RFC6381 - The 'Codecs' and 'Profiles' Parameters for "Bucket" Media Types
Several MIME type/subtype combinations exist that can contain different media formats. A receiving agent thus needs to examine the details of such media content to determine if the specific elements can be rendered given an available set of codecs. Especially when the end system has limited resources, or the connection to the end system has limited bandwidth, it is helpful to know from the Content- Type alone if the content can be rendered.
RFC6380 - Suite B Profile for Internet Protocol Security (IPsec)
The United States Government has published guidelines for "NSA Suite B Cryptography" dated July, 2005, which defines cryptographic algorithm policy for national security applications. This document specifies the conventions for using Suite B cryptography in IP Security (IPsec).
RFC6379 - Suite B Cryptographic Suites for IPsec
This document proposes four cryptographic user interface suites ("UI suites") for IP Security (IPsec), similar to the two suites specified in RFC 4308. The four new suites provide compatibility with the United States National Security Agency's Suite B specifications. This document obsoletes RFC 4869, which presented earlier versions of these suites. This document is not an Internet Standards Track specification; it is published for informational purposes.
RFC6378 - MPLS Transport Profile (MPLS-TP) Linear Protection
This document is a product of a joint Internet Engineering Task Force (IETF) / International Telecommunications Union Telecommunications Standardization Sector (ITU-T) effort to include an MPLS Transport Profile within the IETF MPLS and Pseudowire Emulation Edge-to-Edge (PWE3) architectures to support the capabilities and functionalities of a packet transport network as defined by the ITU-T.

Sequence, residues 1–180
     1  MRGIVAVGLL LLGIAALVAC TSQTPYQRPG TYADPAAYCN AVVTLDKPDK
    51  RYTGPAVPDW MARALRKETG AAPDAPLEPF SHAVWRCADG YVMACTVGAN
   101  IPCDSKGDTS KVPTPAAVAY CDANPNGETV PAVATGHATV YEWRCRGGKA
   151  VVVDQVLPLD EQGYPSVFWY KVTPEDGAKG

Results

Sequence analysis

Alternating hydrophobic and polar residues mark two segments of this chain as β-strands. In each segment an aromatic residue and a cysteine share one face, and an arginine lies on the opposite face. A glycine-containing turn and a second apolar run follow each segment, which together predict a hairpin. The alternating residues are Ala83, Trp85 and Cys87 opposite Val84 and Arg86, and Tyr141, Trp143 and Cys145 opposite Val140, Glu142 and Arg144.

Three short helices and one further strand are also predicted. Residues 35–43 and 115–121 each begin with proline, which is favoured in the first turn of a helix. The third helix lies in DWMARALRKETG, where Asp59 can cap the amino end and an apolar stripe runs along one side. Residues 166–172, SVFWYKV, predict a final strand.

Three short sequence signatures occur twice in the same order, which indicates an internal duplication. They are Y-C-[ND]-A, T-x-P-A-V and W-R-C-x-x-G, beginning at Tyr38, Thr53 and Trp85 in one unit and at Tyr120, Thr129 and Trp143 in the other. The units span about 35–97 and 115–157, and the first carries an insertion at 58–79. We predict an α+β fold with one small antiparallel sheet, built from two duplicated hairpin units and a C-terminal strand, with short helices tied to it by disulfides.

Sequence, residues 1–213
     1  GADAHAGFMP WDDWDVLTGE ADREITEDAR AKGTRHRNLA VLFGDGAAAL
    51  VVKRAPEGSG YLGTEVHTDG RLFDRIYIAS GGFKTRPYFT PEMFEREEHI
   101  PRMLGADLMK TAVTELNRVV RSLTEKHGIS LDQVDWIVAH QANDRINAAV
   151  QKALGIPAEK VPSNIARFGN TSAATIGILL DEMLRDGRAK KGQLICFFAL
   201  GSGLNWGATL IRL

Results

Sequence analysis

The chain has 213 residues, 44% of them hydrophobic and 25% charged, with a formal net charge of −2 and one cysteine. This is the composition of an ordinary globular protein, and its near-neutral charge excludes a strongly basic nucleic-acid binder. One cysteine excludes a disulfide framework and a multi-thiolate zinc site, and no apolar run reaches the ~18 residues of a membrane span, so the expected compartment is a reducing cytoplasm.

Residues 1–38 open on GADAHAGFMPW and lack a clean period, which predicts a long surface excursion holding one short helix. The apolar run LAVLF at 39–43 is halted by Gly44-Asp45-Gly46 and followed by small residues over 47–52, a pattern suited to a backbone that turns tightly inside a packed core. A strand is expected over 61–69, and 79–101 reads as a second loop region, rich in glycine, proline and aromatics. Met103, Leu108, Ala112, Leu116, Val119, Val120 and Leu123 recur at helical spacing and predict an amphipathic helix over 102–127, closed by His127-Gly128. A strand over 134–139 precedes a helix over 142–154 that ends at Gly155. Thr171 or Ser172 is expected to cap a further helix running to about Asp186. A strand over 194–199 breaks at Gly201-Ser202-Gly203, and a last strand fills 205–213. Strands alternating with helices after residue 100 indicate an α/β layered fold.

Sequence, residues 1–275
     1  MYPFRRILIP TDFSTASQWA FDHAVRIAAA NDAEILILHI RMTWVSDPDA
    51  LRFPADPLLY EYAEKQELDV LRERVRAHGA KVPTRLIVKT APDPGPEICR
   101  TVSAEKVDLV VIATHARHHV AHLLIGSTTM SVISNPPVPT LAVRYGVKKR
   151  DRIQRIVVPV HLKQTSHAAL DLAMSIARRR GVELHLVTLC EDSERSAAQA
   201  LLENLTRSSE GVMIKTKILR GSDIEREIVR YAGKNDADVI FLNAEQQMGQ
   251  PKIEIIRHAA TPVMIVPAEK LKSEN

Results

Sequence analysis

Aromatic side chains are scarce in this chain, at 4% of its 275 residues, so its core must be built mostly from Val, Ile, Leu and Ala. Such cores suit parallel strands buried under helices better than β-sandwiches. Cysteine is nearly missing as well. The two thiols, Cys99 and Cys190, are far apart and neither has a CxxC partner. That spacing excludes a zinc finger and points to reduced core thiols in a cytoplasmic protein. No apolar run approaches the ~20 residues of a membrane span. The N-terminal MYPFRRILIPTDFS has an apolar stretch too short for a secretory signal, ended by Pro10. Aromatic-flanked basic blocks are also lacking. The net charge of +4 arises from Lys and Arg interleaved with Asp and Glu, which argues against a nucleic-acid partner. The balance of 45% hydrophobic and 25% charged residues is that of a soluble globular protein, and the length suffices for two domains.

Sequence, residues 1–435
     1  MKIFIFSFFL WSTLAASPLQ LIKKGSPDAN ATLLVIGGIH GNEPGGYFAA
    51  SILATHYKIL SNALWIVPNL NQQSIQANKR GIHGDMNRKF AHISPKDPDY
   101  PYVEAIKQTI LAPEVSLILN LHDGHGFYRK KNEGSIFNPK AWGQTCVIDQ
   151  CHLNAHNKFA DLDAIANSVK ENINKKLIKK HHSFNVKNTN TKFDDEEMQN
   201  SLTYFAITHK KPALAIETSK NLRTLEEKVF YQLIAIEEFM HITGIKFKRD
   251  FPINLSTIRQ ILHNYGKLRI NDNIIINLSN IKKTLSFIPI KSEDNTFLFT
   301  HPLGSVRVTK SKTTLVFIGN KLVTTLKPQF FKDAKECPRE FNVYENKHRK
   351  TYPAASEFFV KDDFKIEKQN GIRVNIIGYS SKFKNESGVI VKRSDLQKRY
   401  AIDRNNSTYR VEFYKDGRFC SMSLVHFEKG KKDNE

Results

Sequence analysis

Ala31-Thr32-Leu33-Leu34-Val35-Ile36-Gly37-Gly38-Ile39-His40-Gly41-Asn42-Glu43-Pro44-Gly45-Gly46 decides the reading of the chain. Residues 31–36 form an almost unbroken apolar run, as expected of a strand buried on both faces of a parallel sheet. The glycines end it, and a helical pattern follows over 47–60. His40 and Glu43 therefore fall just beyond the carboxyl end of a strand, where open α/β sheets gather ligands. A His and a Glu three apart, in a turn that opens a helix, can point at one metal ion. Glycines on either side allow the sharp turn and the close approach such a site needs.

RFC6377 - DomainKeys Identified Mail (DKIM) and Mailing Lists
DomainKeys Identified Mail (DKIM) allows an ADministrative Management Domain (ADMD) to assume some responsibility for a message. Based on deployment experience with DKIM, this document provides guidance for the use of DKIM with scenarios that include Mailing List Managers (MLMs). This memo documents an Internet Best Current Practice.
RFC6376 - DomainKeys Identified Mail (DKIM) Signatures
DomainKeys Identified Mail (DKIM) permits a person, role, or organization that owns the signing domain to claim some responsibility for a message by associating the domain with the message. This can be an author's organization, an operational relay, or one of their agents. DKIM separates the question of the identity of the Signer of the message from the purported author of the message. Assertion of responsibility is validated through a cryptographic signature and by querying the Signer's domain directly to retrieve the appropriate public key. Message transit from author to recipient is through relays that typically make no substantive change to the message content and thus preserve the DKIM signature.
RFC6375 - A Packet Loss and Delay Measurement Profile for MPLS-Based Transport Networks
Procedures and protocol mechanisms to enable efficient and accurate measurement of packet loss, delay, and throughput in MPLS networks are defined in RFC 6374.
RFC6374 - Packet Loss and Delay Measurement for MPLS Networks
Many service provider service level agreements (SLAs) depend on the ability to measure and monitor performance metrics for packet loss and one-way and two-way delay, as well as related metrics such as delay variation and channel throughput. This measurement capability also provides operators with greater visibility into the performance characteristics of their networks, thereby facilitating planning, troubleshooting, and network performance evaluation. This document specifies protocol mechanisms to enable the efficient and accurate measurement of these performance metrics in MPLS networks. [STANDARDS-TRACK]
RFC6373 - MPLS Transport Profile (MPLS-TP) Control Plane Framework
The MPLS Transport Profile (MPLS-TP) supports static provisioning of transport paths via a Network Management System (NMS) and dynamic provisioning of transport paths via a control plane. This document provides the framework for MPLS-TP dynamic provisioning and covers control-plane addressing, routing, path computation, signaling, traffic engineering, and path recovery. MPLS-TP uses GMPLS as the control plane for MPLS-TP Label Switched Paths (LSPs). MPLS-TP also uses the pseudowire (PW) control plane for pseudowires. Management-plane functions are out of scope of this document.